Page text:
An advanced grid requires regulatory innovation

Spring and fall represent perhaps the quietest time for the energy sector – after the threat of harsh winter storms quiets and the intense summer heat is still in the distance. But this year, spring has brought with it the urgent call for transformation in the regulatory landscape. Like seeds patiently waiting for warmth and light to spur their growth, regulators have typically operated within the confines of slow, conservative regulation. But now, as we envision a clean energy future, the rich, fertile soil of innovation beckons.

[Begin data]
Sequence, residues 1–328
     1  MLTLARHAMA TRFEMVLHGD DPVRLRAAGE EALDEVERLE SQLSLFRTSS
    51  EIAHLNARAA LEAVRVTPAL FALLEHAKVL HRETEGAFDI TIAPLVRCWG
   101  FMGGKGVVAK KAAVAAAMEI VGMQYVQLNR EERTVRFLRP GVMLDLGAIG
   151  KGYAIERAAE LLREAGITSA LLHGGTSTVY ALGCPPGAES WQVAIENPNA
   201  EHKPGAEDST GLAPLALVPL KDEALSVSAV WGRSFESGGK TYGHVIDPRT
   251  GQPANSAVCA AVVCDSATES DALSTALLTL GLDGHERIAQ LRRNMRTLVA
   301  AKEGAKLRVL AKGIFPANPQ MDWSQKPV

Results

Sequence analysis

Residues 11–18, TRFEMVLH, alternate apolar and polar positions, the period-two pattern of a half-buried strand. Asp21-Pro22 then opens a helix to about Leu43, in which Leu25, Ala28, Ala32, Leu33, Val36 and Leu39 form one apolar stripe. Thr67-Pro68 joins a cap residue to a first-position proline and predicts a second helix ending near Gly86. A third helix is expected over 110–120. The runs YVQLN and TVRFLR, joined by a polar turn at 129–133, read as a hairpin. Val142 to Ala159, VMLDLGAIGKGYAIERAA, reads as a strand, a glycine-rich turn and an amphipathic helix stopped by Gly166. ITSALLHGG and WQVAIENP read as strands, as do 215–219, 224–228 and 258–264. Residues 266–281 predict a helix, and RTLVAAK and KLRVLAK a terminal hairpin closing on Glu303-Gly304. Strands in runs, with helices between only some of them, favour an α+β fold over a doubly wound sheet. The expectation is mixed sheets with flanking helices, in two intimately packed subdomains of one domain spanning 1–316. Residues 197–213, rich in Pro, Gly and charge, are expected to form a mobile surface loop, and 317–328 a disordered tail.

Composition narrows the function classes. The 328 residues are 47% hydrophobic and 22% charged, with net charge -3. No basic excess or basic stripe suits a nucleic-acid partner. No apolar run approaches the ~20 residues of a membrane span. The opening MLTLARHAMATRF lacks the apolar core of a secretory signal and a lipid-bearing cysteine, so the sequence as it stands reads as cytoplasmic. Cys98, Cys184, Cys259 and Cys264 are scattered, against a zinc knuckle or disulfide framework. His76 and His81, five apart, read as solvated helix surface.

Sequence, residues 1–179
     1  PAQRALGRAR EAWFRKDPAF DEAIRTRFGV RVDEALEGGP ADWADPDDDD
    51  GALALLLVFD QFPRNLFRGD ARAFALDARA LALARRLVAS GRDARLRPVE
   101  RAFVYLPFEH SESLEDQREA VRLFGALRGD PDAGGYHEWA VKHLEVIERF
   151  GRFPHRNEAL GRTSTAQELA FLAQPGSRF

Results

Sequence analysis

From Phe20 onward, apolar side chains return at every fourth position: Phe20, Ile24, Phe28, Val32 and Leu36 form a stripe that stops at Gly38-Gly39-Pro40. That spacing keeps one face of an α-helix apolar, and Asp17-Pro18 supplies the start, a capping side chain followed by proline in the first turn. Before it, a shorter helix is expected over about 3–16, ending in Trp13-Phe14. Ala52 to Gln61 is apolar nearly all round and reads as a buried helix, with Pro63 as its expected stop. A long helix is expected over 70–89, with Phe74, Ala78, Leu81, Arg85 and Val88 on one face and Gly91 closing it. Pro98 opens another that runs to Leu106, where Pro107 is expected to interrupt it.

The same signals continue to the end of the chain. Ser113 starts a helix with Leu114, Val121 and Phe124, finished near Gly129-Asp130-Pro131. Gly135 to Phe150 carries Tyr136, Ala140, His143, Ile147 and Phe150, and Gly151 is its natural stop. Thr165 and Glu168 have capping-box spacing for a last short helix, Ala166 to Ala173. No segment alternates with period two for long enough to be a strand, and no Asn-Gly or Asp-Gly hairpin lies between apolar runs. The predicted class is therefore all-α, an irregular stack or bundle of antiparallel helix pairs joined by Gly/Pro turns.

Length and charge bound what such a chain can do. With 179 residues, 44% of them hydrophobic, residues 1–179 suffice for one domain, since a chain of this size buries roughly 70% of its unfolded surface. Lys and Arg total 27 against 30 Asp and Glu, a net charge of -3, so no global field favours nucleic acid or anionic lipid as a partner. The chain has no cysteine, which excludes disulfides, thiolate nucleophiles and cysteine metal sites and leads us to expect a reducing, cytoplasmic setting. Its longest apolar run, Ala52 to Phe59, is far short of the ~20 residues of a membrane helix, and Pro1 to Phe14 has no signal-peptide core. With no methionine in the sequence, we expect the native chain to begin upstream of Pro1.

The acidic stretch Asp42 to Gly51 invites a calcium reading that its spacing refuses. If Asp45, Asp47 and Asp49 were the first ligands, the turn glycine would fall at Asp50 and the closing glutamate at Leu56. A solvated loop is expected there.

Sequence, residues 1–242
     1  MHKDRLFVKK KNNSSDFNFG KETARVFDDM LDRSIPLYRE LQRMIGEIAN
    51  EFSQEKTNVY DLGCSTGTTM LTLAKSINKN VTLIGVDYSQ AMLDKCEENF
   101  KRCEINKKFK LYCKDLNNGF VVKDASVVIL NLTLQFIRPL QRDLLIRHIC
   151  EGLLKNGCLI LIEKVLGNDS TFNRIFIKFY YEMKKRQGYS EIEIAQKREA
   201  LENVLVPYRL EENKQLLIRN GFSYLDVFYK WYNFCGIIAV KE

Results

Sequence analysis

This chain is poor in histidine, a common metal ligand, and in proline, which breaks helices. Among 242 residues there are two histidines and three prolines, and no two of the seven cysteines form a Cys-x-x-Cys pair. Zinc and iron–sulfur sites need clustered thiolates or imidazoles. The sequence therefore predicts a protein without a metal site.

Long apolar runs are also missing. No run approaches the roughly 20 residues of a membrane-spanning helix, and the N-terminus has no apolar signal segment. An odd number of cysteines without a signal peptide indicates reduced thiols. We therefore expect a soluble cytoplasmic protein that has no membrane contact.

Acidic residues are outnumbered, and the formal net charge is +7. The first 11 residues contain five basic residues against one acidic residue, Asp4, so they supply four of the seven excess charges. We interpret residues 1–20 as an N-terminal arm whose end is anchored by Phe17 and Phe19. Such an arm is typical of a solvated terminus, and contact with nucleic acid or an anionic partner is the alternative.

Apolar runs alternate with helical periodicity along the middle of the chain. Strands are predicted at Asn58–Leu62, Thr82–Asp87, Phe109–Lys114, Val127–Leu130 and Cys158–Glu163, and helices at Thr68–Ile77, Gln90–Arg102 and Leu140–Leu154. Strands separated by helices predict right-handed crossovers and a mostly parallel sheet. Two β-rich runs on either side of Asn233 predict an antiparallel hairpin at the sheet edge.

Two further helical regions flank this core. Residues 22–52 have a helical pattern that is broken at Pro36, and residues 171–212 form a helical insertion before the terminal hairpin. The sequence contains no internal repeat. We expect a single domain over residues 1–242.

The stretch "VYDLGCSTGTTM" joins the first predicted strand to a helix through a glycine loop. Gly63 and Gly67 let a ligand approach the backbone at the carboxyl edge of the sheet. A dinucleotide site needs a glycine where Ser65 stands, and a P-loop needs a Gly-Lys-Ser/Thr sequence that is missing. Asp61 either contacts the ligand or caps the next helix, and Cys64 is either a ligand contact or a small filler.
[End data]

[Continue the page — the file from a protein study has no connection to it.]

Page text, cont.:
The Department of Energy (DOE)’s recently released Pathways to Commercial Liftoff: Innovative Grid Deployment encourages regulatory bodies to ramp up the speed of innovation. Innovation holds significant potential for improving utility services, lowering costs, enhancing reliability, and achieving regulatory objectives. Regulatory policies play a crucial role in either discouraging or stimulating a utility’s commitment to innovation. They help address risk mitigation, balanced regulation, and fair allocation of costs and benefits among customers and shareholders. There has already been a lot of discussion around why regulators should approve utility business cases for advanced metering infrastructure (AMI) in its most advanced form (AMI 2.0) and how regulators might evaluate the costs and benefits of this investment.

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